UPDATE 20. July 2021:
In June 2021, the European Commission approved and released the final versions of the ‘Study on the Training Needs of Court Staff on EU Law in the EU’ and its annexes, which was presented at the EJTN General Assembly by the project’ experts in judicial training Jeremy Cooper, Clara Cotroneo and Gerd Sinding, under the direction of the project leader, Raf Van Ransbeeck, Director of the Belgian Judicial Training Institute and the EJTN Secretary General, Judge Markus Brückner.
For more details and further information please read the full article(published:.
More and more EU legislation calls for the intervention of court staff. Therefore, their EU law training need is a reality. The 2014 study on court staff’s training on EU law and the 2015 Conference of the European Commission’s Directorate General of Justice and Consumers (DG Justice and Consumers) on court staff training underlined that court staff have specific training needs, which are different from the other branches of the judiciary. Their specific training needs depend on the individual tasks of each of the professionals. The situations are different in all the EU Member States.
An important new dimension in EJTN’s future endeavours contained in its Strategic Plan 2021–2027 adopted in 2019 will see the expansion of the EJTN to address court staff training and the welcoming of court staff training institutions into the EJTN fold. Changes to EJTN’s Articles of Association to accommodate this were subsequently approved at the General Assembly.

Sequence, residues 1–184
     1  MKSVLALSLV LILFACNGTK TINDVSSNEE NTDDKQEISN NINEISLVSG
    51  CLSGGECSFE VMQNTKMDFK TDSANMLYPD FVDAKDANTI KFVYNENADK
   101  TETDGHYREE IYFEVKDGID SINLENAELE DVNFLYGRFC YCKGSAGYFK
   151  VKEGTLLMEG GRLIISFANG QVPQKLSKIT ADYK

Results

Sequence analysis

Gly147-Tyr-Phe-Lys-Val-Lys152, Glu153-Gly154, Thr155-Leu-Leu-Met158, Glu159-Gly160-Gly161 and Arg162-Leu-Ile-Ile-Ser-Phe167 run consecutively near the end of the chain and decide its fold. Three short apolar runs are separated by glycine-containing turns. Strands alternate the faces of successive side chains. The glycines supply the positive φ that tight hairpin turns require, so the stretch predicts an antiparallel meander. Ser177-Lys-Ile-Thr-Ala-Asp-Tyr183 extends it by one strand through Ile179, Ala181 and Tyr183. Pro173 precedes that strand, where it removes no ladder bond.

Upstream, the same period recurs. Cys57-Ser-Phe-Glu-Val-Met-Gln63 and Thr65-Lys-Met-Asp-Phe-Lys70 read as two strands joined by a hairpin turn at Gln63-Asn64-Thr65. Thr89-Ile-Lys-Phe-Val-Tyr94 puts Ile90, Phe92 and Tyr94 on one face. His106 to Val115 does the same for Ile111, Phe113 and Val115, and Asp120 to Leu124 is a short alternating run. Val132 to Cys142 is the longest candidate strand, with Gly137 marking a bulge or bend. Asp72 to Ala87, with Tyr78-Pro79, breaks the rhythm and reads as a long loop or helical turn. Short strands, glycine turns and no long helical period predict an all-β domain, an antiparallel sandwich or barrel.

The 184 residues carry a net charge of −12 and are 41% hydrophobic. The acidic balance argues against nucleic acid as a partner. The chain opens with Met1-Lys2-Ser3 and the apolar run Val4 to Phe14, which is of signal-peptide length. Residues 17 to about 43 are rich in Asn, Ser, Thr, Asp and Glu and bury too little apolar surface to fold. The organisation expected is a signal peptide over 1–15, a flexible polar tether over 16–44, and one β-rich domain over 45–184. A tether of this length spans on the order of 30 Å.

In 2019, the European Commission’s Directorate General of Justice and Consumers (DG Justice and Consumers) launched a ‘Study on the Training Needs of Court Staff on EU Law in the EU’. This study has been commissioned to the consortium led by the European Judicial Training Network (EJTN) in collaboration with the European Institute of Public Administration (EIPA).
The general objective of the study, which is financed by DG Justice and Consumers, is to map in detail the training needs on EU law of the different types of court staff according to their respective tasks in the EU Member States. The expression ‘court staff’ for the purpose of the study means “the support staff of courts and tribunals and of prosecutors’ offices, whatever their education background or legal status in the countries”.
Building upon the 2014 study on court staff’s training on EU law, learnings and recommendations stemming from the different past and ongoing studies, conferences and projects dedicated to court staff’s training in the EU, previous grants’ projects and ongoing projects, the project relies on data collected at national level throughout 2020 using three rounds of questionnaires. A team of 34 national coordinators coming from 27 EU Member States has been appointed by national training providers and entrusted with the data collection. The data will then be analysed and used by the project’s Experts in Judicial Training to write the final study. An Experts Committee has also been created to advise on the content of the project.
The initiation phase of the project conducted in 2019 laid the foundations for the future project’s activities mainly by confirming the list of national coordinators, who will play a central role in the data collection, and by further developing the methodology that will be used to complete the project.
In January 2020, the national coordinators were invited to a kick-off Conference with the objective to raise ownership and involvement in the study. During plenary sessions and workshops, they received first-hand information on how to best complete their task and could discuss with each other and with the project’s team the strategies that will be used in their respective countries. Questionnaire 1, 2 and 3 will run successively in 2020.
The final study is intended to be delivered in June or July 2021.